Dear President Obama,
I’m hoping your recent diagnosis of acid reflux might be a teachable moment for you, your team of doctors, and for some of the 60 million Americans who suffer from reflux. The symptoms include heartburn, abdominal pain, cough, sore throat, hoarseness, laryngitis and sinus irritation. Persistent damaging reflux is referred to as gastroesophageal reflux disease (GERD).
I am a Boston-based microbiologist who also struggled with acid reflux, in my case for 20 years. It all changed when I accidentally made a connection between acid reflux and carbohydrates. I decided one day to go on a low-carb diet to lose weight — and my reflux symptoms vanished in a matter of days without drugs of any kind. That was ten years ago.
Since then, I’ve promoted these findings and a modified carbohydrate diet — no drugs, no gimmicks — wherever I can, including at the Digestive Disease Week (2013) annual meeting for gastroenterologists. Doctors habitually prescribe drugs for this condition, and a diet that has little in common with my own, and may not be effective in treating reflux. The drugs they promote are proton pump inhibitors (PPIs), such as Nexium or Prilosec. PPIs can reduce the absorption of vitamins and minerals including vitamin B12 and iron (anemia risk), calcium (bone fracture risk) and magnesium (cardiovascular, neurological and bone health risk). PPIs have also been linked to Clostridium difficile infections and pneumonia.
Why do PPIs work on this problem – at least for certain periods of time? The drugs eliminate stomach acid, even though stomach acid is essential for health and digestion. While they literally shut down acid production and may improve symptoms, they are not recommended for long term use because of side effects and health risks. And they allow us to evade answering the important question: how to keep acid in the stomach where it belongs?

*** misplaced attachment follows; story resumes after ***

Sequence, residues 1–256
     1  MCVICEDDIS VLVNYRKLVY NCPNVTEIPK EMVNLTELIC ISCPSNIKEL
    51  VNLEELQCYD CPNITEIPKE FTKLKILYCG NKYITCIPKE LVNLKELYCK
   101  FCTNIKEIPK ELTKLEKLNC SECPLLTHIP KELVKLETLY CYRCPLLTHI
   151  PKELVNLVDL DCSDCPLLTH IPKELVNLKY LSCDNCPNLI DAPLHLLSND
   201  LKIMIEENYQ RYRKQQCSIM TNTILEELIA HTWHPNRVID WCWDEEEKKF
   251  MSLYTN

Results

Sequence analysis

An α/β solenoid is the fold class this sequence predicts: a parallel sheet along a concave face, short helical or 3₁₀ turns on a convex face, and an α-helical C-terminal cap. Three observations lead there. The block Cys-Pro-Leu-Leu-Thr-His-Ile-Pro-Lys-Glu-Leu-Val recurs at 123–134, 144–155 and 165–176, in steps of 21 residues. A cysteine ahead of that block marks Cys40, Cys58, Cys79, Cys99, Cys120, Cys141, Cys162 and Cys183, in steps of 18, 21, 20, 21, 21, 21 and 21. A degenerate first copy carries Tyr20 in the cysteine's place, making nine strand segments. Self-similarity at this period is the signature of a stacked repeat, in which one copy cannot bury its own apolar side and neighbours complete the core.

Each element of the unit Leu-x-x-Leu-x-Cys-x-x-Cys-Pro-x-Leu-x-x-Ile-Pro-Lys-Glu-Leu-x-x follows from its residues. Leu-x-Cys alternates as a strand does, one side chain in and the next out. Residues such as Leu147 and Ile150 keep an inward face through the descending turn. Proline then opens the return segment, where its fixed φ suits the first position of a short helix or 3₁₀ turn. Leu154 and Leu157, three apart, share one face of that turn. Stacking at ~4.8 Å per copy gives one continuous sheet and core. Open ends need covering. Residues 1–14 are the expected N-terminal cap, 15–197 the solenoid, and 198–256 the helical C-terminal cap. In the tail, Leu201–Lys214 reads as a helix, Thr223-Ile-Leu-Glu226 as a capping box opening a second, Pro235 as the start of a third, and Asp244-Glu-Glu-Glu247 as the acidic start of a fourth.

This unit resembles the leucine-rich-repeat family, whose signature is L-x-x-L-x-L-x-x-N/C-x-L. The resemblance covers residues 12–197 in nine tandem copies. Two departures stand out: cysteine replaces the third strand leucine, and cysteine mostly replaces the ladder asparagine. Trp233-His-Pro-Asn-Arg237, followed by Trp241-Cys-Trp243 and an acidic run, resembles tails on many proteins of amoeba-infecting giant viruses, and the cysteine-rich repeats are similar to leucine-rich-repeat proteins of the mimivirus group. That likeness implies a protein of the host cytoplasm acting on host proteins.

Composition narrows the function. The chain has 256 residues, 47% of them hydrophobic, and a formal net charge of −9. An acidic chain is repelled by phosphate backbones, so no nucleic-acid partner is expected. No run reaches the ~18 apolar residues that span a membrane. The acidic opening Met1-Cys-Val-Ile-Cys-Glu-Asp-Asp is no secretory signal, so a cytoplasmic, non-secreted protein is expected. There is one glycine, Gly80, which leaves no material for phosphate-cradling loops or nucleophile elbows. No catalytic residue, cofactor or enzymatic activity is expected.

The standard dietary advice for acid reflux includes avoiding fatty or fried dishes, coffee, tea, alcohol, spicy foods, oranges and other citrus fruits, tomatoes, onions, carbonated beverages, chocolate and mint. Unfortunately, according to the American Medical Association’s Continuing Medical Education (CME) program for doctors and gastroenterologists, “Routine global elimination of food that can trigger reflux is not recommended in the treatment of GERD.”
In other words, after reviewing the research, they concluded that trigger food diets are not effective. The fact that these diets didn’t work doesn’t mean that dietary intervention won’t work, but it does mean that the medical establishment needs to go back to the drawing board. The modified carb diet I have developed and promoted over the last ten years might be a good place for them to start looking.
Let’s start with why cutting carbs can eliminate acid reflux. I believe the answer involves the 100 trillion or so bacteria that live in our intestines.
Did you know that certain types of dietary carbohydrates are difficult to digest and absorb into the bloodstream compared to other carbs, proteins and fats? This is especially true as we get older. As a result, they can build up in the small intestine and over-feed intestinal bacteria. These over-fed bacteria grow and produce excessive amount of gas which, I believe, drives acid reflux as a result of the pressure created in the small intestine and stomach.